I’ve been thinking a lot about recycling lately.
Yesterday, I carried an empty soda bottle for about seven minutes until I passed a recycling bin. I could have dropped it in any number of garbage cans, but I didn’t. Now, you must understand: it’s important to me to recycle, but it’s not that important to me. I’m not fanatical about it.
So why did I carry around a soda bottle when I could have easily ditched it seven minutes earlier? Clearly, I had some motivation. But what was it?
In that moment, I valued the feeling of doing the “right” thing. The pride I felt (or, perhaps, the guilt that I didn’t feel) proved more valuable to me than the alternative of freeing up my hands.
No one patted me on the back. No one thanked me. There were no attaboys. No external positive reinforcement. I did it all on my own.
Which made me wonder.
Maybe we don’t need to pat our donors on their backs. Maybe we don’t need to thank them. Maybe they don’t need any external positive reinforcement.
Why is recycling any different than donating to a charity?
Well, first of all, and most importantly, the data proves that the premise is incorrect. Donors who are thanked donate more often and larger gifts.
Secondly, maybe people would recycle more if they were thanked and acknowledged. Maybe we should form some sort of Recycling Committee that asks people to recycle and monitors the results, much like your development team.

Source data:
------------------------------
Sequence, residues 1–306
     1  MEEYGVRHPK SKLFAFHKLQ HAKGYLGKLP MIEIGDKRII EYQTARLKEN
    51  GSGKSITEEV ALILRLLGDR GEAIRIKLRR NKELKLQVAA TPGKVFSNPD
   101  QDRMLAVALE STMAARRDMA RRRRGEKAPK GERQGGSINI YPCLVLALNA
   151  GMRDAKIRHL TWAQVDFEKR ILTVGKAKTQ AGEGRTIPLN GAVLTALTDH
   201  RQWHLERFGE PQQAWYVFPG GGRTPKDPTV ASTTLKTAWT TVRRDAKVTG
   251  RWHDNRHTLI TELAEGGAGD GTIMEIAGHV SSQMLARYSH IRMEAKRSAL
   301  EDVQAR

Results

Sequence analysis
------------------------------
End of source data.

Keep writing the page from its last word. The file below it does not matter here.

Third: Part of the pride I felt from recycling stemmed from the selflessness of the act (which is thoroughly ruined now that I am sharing this story with you). I did not want or expect any external reward for recycling. But when donating to a nonprofit, people want the external reward of gratitude from the organizations they support.
Lastly, let’s say that we did institute a Recycling Committee. Let’s say that we organized a group of people to monitor each act of recycling in the city. You can be sure that if that committee failed to acknowledge and thank those who have recycled, then the recyclers would feel unappreciated.
The Recycling Committee’s entire mission is to tell recyclers about their amazing acts of conversation. Failing to communicate that message would certainly lead to a recycling decrease .
I began this thought experiment allowing for the possibility that we’re placing too high a priority on fundraising. But seeing it all the way through has only reinforced my resolve, both to recycle and to thank our donors.
1) Recycle even though no one will ever thank you for it.
2) Thank your donors as if they’re expecting you to.